PARK CITY, Utah (Reuters) - Film director Kevin Smith has unveiled a plan to self-release his new “Red State” at the Sundance Film Festival, after facing down protesters that brought him publicity money can’t buy.
Invoking the name of movie kingpin Harvey Weinstein and the hockey stick of Wayne Gretzky, Smith said that after 17 years of making movies, he could not think of anything worse than creating a film and turning it over to a studio to market.
The way Smith figured the movie business, after the studio spent tens of millions of dollars on promotion to lure fans to Red State, he and his investors would never see a profit.
So he is going back to a time when moviemakers took films to theaters themselves, one theater at a time. They kept more of the proceeds for themselves and reinvested in more films.
“Indie film isn’t dead. It just grew up,” he told the Sundance audience following the premiere of Red State. “This is Indie 2.0.”
Smith launched his career at Sundance with black-and-white feature “Clerks,” made for just $27,575. It was acquired by Weinstein who at the time ran Miramax Films and was considered a master marketer of low-budget movies.
Since then, the business of making low-budget movies outside Hollywood’s mainstream studios has changed.
Now, costly stars often are cast in “indie” movies, and production and marketing expenses rise into the millions, which prohibits filmmakers from being able to exercise their voice. As a result, some players think indie filmmakers are a dying breed.
Smith said he and his producing partner learned from Weinstein that when you felt like you had a “sure thing” to never give it up. He thinks “Red State,” the violent tale of a hate-filled religious sect and the federal agents ordered to take it down, is a sure bet with his loyal fans.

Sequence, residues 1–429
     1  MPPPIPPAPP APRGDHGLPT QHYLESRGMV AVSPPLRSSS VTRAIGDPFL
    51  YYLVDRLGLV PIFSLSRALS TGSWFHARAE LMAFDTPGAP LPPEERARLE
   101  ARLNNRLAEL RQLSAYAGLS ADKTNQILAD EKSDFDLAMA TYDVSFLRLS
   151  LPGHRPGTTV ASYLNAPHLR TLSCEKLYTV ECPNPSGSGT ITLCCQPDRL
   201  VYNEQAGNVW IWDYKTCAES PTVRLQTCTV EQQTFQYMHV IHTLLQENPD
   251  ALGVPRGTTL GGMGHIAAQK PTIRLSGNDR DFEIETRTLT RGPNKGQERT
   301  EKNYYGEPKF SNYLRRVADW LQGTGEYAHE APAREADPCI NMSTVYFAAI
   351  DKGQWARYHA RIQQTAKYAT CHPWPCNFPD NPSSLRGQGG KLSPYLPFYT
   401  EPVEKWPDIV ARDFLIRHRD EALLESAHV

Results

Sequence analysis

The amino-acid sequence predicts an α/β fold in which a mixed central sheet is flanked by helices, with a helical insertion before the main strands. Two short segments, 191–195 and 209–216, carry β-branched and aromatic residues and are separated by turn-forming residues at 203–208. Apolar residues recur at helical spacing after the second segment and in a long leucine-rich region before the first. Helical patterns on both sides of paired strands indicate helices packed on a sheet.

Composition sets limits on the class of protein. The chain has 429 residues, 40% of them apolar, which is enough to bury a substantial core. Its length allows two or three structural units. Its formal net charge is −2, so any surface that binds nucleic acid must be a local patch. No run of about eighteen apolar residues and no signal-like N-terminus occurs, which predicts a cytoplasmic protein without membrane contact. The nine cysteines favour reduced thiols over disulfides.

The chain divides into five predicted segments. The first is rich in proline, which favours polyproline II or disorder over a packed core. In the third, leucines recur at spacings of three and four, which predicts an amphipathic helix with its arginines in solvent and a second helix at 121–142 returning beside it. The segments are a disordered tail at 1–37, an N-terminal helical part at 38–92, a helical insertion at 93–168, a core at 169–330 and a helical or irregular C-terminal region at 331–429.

He came to Sundance with Gretzky’s stick, he said, because the hockey great’s father coached him never to go where others had already been but to go where they will be in the future. Smith believes his plan is the future.
So he is taking Red State on a road show, starting March 5 at New York’s Radio City Music Hall and hitting major U.S. cities throughout March before ending on April 4 in Seattle.
He hopes to open Red State widely across the United States on October 19, the same date Clerks debuted. By that time the publicity garnered from his tour and from his use of social networking websites like Twitter could help sell tickets in other theaters with no cost for advertising.
“We’re going to play the game straight,” he said. “All it takes is a little ingenuity.”
Smith’s first marketing ploy was seen by many as publicity genius. The religious sect in Red State is based on religious organizations such as the small Westboro Baptist Church that has made headlines for anti-gay protests outside the funerals of dead U.S. soldiers and officials, among other ways.
Westboro’s members had vowed to turn out to protest the debut of Red State, and when about 10 of them made good on their promise Sunday night, Smith and a crowd of about 200 supporters protested against the protesters.
The church members held signs with anti-gay messages. Smith held one that said “God Hates Critics.” The two groups faced each other in a moment made for TV cameras. Headlines poured out, and Smith’s promotional tour had begun.
Reporting by Bob Tourtellotte, editing by Mike Collett-White